By this time in five years, I expect it to be over five million.
By this time in twenty years, I expect it to be…well, really, really, REALLY doggone high. 😉
Breakout vs. Slow Boil
Guys, it\’s important to understand something about writing: the one book breakout is RARE. It almost never happens. Of course, we see lots of them, so we think it\’s the goal to shoot for. It\’s not. Most writers who only produce one book will sell a few hundred copies, maybe a few thousand over the years. More marketing will only very rarely cause a breakout.
If you have one book to write, one story to tell, then write it, get it up there, and do a little free time marketing. Don\’t expect big sales; expect a trickle. I basically don\’t market my work, yet get steady sales. I have two or three more books and a serial coming out this year, though. And will have more coming out next year. And more the year after that. Once I have a few more books out, I\’ll start focusing a little more on the marketing. But I need enough product to make it worthwhile first – you don\’t spend time and money advertising your new hardware store when you have one tool on the shelf, right? Same is true for books.
The goal for a professional writer trying to make a living shouldn\’t be to get a breakout on any one book. That\’s impossible to predict and cannot be engineered. You can\’t make Twilight happen. Sometimes it just does. If it happens to you, I am thrilled for you. I\’m not going to plan my career around it, though, and I don\’t think you should, either.
Instead, the goal for writers who want careers (which I am differentiating from those who just want to write a book and publish it – a fine goal, but not going to make a living) should be to slowly, over time, build a fanbase. You build readers who love your work. You build connections to those readers. You inform those readers when your next story is available, and they support you financially. This sort of organic growth takes time. Years. Many, many books. But that\’s the key to making a living at writing: write a LOT, write WELL, CONNECT with readers, and build a group of people who like your work enough to buy it as soon as you release it.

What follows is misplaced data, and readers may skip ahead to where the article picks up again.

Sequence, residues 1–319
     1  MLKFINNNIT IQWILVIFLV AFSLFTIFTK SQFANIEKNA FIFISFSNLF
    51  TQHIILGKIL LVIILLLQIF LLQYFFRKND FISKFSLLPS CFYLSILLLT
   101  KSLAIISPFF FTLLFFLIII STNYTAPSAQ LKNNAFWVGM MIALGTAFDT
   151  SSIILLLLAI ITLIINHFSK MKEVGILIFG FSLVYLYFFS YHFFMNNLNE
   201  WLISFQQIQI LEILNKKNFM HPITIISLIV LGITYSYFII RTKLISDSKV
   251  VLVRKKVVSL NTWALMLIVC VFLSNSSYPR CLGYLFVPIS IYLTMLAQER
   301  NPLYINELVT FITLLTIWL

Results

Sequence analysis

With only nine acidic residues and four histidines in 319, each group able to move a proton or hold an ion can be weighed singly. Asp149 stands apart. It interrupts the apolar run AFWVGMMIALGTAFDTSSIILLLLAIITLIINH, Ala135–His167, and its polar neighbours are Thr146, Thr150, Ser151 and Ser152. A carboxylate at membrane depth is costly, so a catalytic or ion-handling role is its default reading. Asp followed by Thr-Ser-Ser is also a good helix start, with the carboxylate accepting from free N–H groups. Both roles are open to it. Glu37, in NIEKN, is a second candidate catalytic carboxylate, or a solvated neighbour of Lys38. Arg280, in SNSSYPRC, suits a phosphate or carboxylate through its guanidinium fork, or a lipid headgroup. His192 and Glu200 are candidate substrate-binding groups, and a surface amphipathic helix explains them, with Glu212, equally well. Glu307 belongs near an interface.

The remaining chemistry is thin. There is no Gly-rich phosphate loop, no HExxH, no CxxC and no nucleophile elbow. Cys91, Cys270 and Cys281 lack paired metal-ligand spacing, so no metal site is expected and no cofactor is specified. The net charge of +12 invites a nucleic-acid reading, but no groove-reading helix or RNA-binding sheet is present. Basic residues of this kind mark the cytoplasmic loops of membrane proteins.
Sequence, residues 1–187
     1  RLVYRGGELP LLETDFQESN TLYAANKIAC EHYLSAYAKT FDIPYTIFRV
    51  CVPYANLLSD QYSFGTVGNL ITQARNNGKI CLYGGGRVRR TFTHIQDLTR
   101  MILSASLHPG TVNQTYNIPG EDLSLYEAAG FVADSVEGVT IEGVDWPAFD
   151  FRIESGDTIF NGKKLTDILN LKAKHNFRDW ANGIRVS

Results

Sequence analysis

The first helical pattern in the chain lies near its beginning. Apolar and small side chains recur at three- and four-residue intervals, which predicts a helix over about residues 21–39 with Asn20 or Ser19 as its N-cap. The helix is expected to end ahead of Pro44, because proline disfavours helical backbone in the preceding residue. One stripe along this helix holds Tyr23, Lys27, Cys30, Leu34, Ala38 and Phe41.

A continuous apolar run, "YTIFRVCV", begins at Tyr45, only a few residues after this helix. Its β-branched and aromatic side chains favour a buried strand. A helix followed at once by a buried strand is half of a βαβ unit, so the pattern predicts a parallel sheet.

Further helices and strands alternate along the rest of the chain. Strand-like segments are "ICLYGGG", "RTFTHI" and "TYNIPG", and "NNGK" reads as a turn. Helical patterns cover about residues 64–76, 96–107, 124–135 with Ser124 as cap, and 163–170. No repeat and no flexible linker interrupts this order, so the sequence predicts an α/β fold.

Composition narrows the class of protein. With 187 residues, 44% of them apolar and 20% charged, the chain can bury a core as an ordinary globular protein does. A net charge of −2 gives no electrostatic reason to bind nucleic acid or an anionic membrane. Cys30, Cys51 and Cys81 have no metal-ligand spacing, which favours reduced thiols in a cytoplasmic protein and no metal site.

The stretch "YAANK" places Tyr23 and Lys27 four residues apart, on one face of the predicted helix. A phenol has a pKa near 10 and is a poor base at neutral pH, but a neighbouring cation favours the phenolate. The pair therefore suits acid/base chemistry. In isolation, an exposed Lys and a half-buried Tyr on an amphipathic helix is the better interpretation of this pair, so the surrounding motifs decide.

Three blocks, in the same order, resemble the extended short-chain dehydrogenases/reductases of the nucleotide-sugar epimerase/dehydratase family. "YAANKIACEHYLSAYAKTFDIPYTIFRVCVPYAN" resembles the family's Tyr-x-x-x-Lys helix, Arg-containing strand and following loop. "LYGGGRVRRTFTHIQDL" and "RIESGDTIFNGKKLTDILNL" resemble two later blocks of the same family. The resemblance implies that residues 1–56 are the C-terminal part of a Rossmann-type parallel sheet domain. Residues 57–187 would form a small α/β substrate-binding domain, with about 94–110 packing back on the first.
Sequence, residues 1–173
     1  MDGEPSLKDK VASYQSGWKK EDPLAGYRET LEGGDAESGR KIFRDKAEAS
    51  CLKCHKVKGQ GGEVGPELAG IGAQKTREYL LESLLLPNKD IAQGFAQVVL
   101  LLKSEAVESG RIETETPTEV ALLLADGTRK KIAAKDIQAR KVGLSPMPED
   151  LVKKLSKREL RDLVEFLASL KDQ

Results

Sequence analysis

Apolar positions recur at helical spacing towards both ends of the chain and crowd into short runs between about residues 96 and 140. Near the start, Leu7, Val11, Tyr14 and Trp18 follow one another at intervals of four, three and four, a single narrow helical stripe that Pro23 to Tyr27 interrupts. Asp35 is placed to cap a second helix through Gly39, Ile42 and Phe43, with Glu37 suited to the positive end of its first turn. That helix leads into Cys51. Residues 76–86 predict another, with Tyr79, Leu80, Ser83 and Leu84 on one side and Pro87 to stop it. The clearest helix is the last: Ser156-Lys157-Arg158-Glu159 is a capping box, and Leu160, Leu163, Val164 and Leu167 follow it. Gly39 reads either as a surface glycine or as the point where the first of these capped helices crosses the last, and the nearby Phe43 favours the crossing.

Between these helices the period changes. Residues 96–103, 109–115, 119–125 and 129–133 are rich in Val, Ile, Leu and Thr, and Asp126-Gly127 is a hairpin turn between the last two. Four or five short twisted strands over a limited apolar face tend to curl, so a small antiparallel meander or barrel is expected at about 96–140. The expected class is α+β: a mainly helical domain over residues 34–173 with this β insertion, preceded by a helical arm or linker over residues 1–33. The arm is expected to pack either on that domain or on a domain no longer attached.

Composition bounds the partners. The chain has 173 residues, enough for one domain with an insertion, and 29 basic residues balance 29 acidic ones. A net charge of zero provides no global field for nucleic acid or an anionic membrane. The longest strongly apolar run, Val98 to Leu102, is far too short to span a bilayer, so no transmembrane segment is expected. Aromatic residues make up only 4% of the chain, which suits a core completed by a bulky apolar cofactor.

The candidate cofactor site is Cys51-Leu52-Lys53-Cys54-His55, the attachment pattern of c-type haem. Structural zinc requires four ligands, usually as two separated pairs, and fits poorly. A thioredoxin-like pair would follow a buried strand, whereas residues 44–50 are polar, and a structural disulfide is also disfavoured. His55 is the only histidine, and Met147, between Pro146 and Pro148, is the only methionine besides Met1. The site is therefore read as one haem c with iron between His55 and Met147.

I\’m on BV Larson\’s mailing list. A few times a year, he sends out emails to everyone on his list announcing a new book. Like many other people on his list, I buy the new book within minutes of receiving the email. (They are fun, not deep, SF&F books). I usually read the book that day, maybe running into the next. But I buy pretty consistently. I am one of his \”10,000 fans\”, the folks who will consistently buy what he produces as soon as he lets us know.
Mailing Lists Connect Us With Readers
A mailing list is a great way to connect with readers. You can sign up for mine here!
But treat the mailing list with care. You have to ensure what you\’re offering in any email you send is something interesting, relevant, and of value to your readers. I named the list \”Readers First!\” to remind myself of that – that the list is about the readers, not about me. It\’s not about my cool new blog post. It\’s not about research I did on the industry. It\’s about readers, folks who enjoyed my work and want to hear about more of it when it comes out.
Present the reader with well-designed, high quality emails. Look like a professional. Those emails should be your \”business best\” work. Keep them short and to the point: show respect for your readers by not wasting their time. Those emails are a way to maintain contact with readers, so make yourself available as well. Create means to do two-way contact through those mails, even if it\’s something as simple as inviting your readers to email you. If they do, respond, even if it\’s brief.
We want to build connections, to create doors that open both ways for our readers. For all MY readers who are reading this post: thank you. You\’re the reason I keep writing, and I appreciate each one of you.